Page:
Ocean scientist Nick Record, from the Bigelow Laboratory for Ocean Sciences in Boothbay, held a public lecture December 2, 2015, at Adams Hall at the invitation of students from the Earth and Oceanographic Science Department.
Record, who was a visiting assistant professor during the 2012-2013 academic year, talked about ways to adapt to the changing climate in the Gulf of Maine.
Key to achieving this, he says, is to develop accurate forecast models for future temperature changes.
At one point in the lecture, Record shows attendees a picture of a human brain.
“What could be more powerful and more effective than a human brain?” he asks. The answer, which no one guessed, was “many human brains.”
Record believes the most effective way to forecast future events is to harness the intellectual power of as many experts as possible – a technique he calls ‘mind-mapping.’
Explain mind-mapping and how it might help adapting to climate change in the Gulf of Maine.
I’m using mind-mapping as kind of a catchy term and I probably don’t understand the true definition of it well. But there’s this idea of collective mind-mapping: you try to take a group of people and tap into that collective knowledge.
So it’s not just using people to gather data, like citizen scientists; it’s beyond that?
That’s right. In my mind there needs to be some interaction between the minds of the people. And then there’s also the focus on solving some problem that everyone is collectively involved in. And any one person might not have the tools or knowledge to solve that problem, but if you set up the interaction correctly then the collective effort can be more efficient in solving that problem.
Are there successful examples of this already happening you can draw on?
The prediction markets are my favorite examples, where a group of people are basically buying and selling shares in the outcome of event like an election. So if you think that Donald Trump is going to get the nomination, then you would buy shares in that. And then once the event occurs, you’ll get a kind of payoff from this collective pool of money. If you’re right, you’ll get, say, a dollar on your 50 cents, if you’re wrong, you’ll get nothing. So based on what everyone thinks is going to happen, the price is going to do up or down, just like stock shares.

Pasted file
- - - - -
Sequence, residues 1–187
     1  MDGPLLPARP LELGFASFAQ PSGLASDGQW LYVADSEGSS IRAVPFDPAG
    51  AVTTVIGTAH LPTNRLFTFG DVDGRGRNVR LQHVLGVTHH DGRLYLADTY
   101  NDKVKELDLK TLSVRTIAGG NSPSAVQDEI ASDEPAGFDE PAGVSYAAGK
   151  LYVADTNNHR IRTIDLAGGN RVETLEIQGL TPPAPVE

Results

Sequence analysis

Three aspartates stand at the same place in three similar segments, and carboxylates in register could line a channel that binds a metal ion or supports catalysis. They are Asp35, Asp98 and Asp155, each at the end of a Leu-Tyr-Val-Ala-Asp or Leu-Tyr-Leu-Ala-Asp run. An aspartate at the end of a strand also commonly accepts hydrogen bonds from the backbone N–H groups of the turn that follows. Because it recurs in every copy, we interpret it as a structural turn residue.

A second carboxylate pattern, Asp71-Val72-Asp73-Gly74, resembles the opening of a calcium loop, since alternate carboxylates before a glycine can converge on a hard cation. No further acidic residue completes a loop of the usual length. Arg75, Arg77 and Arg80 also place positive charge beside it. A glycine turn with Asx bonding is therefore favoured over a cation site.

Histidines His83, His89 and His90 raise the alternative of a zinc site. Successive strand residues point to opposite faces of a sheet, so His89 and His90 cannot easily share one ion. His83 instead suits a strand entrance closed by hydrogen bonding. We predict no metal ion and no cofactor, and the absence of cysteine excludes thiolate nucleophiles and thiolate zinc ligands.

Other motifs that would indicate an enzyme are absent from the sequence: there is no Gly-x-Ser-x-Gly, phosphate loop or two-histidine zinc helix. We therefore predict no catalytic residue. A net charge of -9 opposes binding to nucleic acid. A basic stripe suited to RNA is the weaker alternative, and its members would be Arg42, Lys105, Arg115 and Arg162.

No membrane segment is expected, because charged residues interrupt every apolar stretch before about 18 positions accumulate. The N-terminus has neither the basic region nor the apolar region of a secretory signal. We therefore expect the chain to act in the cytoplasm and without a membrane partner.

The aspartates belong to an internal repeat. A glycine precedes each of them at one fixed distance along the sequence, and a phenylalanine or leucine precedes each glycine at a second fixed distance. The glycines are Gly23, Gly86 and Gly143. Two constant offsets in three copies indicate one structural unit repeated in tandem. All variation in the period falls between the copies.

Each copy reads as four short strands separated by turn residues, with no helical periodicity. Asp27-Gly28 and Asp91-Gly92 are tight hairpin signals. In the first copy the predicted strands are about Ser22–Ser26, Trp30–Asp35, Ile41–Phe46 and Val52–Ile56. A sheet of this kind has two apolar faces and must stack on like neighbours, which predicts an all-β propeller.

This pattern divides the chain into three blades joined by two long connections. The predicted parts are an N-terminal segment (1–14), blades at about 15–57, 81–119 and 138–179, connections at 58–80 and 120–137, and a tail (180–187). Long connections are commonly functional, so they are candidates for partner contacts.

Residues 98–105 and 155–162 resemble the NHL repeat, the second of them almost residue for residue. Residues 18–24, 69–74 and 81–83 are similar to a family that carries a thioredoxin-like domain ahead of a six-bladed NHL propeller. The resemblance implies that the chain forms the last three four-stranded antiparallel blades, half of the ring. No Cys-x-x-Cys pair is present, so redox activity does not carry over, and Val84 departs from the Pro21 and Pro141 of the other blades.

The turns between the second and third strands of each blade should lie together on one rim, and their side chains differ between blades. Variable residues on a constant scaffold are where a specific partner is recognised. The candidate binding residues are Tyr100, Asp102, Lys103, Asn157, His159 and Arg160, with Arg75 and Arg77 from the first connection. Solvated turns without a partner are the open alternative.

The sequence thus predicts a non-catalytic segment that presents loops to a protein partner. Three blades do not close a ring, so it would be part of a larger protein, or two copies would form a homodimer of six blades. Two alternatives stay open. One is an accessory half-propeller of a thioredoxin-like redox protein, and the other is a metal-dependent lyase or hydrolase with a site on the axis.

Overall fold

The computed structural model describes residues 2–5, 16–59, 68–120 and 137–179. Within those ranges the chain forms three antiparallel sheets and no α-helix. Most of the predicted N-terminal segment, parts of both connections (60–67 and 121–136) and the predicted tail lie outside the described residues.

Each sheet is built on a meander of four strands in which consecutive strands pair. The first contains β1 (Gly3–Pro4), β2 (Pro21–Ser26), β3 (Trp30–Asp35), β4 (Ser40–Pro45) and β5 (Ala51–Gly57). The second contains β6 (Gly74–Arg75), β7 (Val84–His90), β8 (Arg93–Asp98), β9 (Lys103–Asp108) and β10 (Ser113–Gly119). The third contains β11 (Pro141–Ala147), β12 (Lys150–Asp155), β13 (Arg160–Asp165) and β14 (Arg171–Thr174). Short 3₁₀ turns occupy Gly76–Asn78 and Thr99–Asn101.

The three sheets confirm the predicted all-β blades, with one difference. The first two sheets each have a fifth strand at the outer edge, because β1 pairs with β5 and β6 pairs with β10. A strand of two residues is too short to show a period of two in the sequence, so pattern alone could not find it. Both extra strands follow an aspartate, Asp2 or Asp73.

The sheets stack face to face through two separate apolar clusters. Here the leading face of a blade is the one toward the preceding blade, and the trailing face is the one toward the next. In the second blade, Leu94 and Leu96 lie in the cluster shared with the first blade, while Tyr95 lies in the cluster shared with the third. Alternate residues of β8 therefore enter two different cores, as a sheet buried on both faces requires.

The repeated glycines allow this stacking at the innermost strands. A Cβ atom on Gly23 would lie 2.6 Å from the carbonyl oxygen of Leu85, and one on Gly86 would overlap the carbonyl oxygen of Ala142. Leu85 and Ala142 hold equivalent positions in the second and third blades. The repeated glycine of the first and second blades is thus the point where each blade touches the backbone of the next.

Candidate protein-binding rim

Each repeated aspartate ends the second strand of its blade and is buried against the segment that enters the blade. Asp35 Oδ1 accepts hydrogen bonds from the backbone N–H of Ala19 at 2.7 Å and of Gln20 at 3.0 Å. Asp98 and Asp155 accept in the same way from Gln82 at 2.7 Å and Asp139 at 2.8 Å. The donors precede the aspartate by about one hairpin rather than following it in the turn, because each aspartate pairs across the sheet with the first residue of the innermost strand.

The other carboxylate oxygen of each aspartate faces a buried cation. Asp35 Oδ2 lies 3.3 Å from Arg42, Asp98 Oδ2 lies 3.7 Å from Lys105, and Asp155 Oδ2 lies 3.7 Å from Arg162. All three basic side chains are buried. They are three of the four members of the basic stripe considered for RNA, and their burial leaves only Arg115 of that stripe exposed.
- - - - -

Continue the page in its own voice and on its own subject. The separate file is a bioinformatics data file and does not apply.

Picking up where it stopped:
And people have found that those prediction markets work really well at predicting future events like elections, in most cases better than polls. And if you’re thinking about other things besides elections, they also perform really well.
I was at a meeting last year on the arctic. About 100 scientists were there. So the guy organizing the meeting set up one of these predictive markets and everyone gave a forecast of next year’s sea ice extent. So he’s basically doing that, trying to tap into the collective knowledge of arctic scientists.
And that isn’t being done regarding the Gulf of Maine?
Not as far as I know.
How are you working to achieve this right now?
We’re working on the algorithm side, how do you get this knowledge and blend it with the really good data — not that knowledge isn’t good data, but blend it with satellite data and other sources to put it into a format that anyone could read. Like you could see a map of, say, deer tick distribution, that combines these sightings and knowledge of people out in the field – maybe they’re fishing, maybe they’re naturalists – and combine that with all these underlying data fields like temperature and salinity and precipitation, to get a map of kind of the community’s best guess as to what’s out there.
And what would you do with this information?
My vision of it is like a social medium where everyone would have access to it. You’ve seen social media have this amazing potential – like what happened in the Arab Spring – and I think we could tap into this as a way to get a tool to study rapidly changing ecosystems, if that social medium is set up the right way. And that’s what we’re still trying to figure out.
Dr Record’s research, which is being done in collaboration with the Gulf of Maine Research Institute, is funded by a grant from the National Aeronautics and Space Administration.